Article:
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Bring Me Your Tired, Your Poor, Your Sick and Injured

Casa Juan Diego is a busy place..

A nurse called today from Ben Taub Hospital to tell us to be nice to Pedro—he had lost all of his fingers on one hand in an accident and wasn’t handling it too well. He was injured in an accident in southern Louisiana. No hospital there had the staff to work with him.

Upon arriving at the men’s house to advise of his coming, we met a new guest, Juan, who extended his hand when introduced. He, too, had no fingers, having lost his fingers in an accident. He offered a stub instead of a hand.

If you saw Luis approach Casa Juan Diego, you could not figure out the problem. You might have thought he was drunk, as he stumbled from car to car seeking support so as not to fall. After going from clinging to cars he moved to hugging the walls of our building. We went outside to figure out what was going on and to catch him after he fell—drunk or sober.

Luis was very sober. Apparently he had lost his legs—below the knee—from a train accident, and the artificial legs that he was given weren’t strong enough to carry his weight, and they became more and more useless and wobbly.

He obviously needed new legs. He went to a prosthetic company and was told that the legs would cost $2,500 each. We always have an amputee at a prosthetic company.

Things seem to come in pairs.

Ruben arrived with very serious eye problems. He says that one eye is gone and that he is afraid of losing the other. It doesn’t look good. An operation is hoped for.

Roberto has lost his sight very suddenly and it is not clear what the source of the problem is. The guess is all the way from malnutrition to alcoholism. It is quite a challenge to receive medical care because when he first went to the hospital through the emergency room, people at the place where he was staying threw out all of his papers.

Jorge arrived with two colostomy bags instead of a stomach, etc. This always frightens us. Some of the young Catholic Workers wanted to put him to bed and not allow him to move, since he was obviously seriously ill or had been. They insisted that he go to the sick men’s house at once, which declares him very sick and unable to work.

The guest rebelled and demanded that he be allowed to help with the work in the house and not just sit around. He was not an invalid. After enough pampering, he insisted on going to work as a member of our co-op, which he did. He is one of the best workers, colostomy bags or no bags.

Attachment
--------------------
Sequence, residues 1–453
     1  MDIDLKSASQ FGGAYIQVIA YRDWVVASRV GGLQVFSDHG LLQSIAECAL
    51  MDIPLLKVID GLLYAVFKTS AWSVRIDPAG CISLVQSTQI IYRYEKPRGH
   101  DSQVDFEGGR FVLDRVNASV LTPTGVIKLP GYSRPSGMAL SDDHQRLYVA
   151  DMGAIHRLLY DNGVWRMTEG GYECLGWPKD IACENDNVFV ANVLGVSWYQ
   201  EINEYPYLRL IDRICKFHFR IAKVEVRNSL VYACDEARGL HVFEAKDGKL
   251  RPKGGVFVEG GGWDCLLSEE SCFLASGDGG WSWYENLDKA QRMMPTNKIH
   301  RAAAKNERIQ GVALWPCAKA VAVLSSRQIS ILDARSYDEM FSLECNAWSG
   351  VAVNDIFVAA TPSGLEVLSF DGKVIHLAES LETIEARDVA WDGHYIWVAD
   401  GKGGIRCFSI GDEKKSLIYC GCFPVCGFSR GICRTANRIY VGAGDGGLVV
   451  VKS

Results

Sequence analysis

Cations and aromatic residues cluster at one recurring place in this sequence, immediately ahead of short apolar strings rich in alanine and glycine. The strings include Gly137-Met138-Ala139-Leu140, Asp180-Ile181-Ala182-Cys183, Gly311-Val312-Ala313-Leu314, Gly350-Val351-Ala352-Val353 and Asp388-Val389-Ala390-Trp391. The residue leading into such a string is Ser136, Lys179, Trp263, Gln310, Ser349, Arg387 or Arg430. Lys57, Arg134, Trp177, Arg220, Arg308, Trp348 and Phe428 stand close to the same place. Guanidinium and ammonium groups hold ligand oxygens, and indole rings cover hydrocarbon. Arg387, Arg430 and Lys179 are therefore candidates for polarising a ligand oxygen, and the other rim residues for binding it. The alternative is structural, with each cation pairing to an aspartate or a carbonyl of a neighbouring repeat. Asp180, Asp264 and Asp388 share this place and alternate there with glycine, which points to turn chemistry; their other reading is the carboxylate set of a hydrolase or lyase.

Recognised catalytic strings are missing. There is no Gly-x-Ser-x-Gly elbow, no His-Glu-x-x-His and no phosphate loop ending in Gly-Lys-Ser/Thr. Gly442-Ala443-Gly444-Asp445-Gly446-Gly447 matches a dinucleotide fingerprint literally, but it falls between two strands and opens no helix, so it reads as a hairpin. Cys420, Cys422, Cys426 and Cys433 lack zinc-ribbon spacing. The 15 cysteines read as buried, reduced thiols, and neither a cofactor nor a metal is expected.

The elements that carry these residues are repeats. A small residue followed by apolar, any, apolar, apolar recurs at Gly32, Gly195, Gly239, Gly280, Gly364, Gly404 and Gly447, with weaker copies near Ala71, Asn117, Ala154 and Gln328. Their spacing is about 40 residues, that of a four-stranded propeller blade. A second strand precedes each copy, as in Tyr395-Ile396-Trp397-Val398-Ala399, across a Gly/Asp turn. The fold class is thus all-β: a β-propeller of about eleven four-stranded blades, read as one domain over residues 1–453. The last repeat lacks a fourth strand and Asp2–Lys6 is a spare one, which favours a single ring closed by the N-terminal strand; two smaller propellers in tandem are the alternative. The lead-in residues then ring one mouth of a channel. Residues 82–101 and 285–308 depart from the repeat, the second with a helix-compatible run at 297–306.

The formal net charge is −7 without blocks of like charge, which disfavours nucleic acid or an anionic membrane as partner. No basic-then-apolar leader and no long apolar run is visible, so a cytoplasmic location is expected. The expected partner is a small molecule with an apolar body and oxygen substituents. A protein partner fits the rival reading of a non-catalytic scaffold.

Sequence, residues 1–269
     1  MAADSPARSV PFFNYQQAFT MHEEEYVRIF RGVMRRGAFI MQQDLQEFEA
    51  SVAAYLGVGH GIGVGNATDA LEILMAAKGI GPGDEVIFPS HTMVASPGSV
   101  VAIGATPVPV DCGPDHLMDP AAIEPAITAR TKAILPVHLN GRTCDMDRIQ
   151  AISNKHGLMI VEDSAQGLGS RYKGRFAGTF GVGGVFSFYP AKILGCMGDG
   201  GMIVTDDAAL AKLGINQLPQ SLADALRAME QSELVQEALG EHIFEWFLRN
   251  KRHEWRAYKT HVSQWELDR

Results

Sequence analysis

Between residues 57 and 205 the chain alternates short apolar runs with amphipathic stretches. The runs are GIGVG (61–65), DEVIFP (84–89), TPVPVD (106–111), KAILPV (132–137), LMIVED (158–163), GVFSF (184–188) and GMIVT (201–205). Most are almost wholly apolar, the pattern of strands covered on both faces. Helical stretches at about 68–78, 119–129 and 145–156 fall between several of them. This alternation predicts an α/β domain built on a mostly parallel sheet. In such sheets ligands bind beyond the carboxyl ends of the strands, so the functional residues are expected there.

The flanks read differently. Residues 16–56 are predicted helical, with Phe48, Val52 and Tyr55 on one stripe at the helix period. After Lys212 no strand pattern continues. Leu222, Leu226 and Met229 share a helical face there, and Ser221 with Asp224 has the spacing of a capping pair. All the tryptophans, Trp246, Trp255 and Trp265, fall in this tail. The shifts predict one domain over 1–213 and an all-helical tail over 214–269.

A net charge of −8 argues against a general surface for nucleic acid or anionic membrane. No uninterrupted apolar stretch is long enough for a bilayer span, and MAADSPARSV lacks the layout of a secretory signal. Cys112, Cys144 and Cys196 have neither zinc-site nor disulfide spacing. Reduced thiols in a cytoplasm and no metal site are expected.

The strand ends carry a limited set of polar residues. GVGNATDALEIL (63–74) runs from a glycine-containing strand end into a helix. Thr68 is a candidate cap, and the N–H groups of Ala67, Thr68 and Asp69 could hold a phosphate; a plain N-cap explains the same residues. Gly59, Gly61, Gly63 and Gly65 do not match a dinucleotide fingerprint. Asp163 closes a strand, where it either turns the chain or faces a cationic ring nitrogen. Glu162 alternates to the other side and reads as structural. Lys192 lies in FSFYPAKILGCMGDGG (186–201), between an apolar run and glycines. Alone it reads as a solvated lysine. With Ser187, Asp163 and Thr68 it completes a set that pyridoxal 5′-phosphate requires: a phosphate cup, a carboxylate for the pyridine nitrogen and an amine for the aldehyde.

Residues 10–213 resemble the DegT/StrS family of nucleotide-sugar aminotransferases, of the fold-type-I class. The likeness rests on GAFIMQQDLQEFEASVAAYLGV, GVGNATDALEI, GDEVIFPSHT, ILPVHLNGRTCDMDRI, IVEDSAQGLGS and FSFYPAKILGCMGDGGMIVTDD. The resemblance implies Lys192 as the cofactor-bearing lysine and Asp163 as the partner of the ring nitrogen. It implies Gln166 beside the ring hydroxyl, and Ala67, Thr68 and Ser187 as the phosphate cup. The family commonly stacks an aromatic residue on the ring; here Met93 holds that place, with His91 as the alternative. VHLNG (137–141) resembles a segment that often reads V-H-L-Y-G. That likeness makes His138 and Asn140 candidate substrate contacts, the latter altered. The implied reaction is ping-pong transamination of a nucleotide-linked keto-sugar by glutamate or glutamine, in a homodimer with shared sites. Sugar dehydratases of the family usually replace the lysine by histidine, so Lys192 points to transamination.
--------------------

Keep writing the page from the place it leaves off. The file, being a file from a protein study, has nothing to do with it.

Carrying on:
The Immigration section of Homeland Security called to see if we had room for several guests who were being released. This is one of the great paradoxes of Casa Juan Diego. One day we receive people from Immigration, the next day we join our brothers and sisters in custody.

We received a call from Ben Taub saying that Jose De Leon was dying and we should get over there if we wanted to see him. He supposedly lived in one of the sick men’s houses before being hospitalized. No one recognized his name, all saying that there was no such man here.

We visited Jose, the dying man, and asked why the men in the sick men’s house didn’t recognize his name. “What is your name?” we asked. “Chihuahua,” he responded. All the men recognized him by his nickname.

We received a call from a Catholic parishioner regarding a young immigrant woman who was raped by the coyote who brought her to the United States and now was pregnant. This situation had a happy ending. The caller had helped the young woman, who decided to place the child for adoption. However, in this process, the caller’s son got to know the pregnant woman and they became engaged. The young man and his fiancée decided to keep the child. The caller was not asking for a place for her to stay, only a clinic that could provide prenatal care at a reasonable cost.

At 9:00 p.m. we received a call from El Salvador from a friend of Frank Cordaro in Iowa, friend of his who is working in Central America. He was calling for a very worried woman from El Salvador whose husband had been Houston for a month or so. He had been unable to find work and was homeless and hungry. Could we take him in? We said yes.

Our guests, men, women, and children, arrive dehydrated, exhausted, their feet and legs full of thorns from the journey. They don’t rest long though, before seeking work.

A doctor called from another state asking if we could accept an undocumented immigrant with meningitis. We asked if he was contagious. The doctor responded by saying only if we had sex with him, which was the doctor’s way of saying that the man was HIV positive. The young man arrived, but was at death’s door. We were really worried. He came to us because there was no Casa Juan Diego in his state.

The Ben Taub emergency room has been calling us about a patient who was found on the street, disoriented and wearing a diaper. Could we help, as he doesn’t like wearing diapers.

Houston Catholic Worker, Vol. XXVI, No. 5, September-October 2006.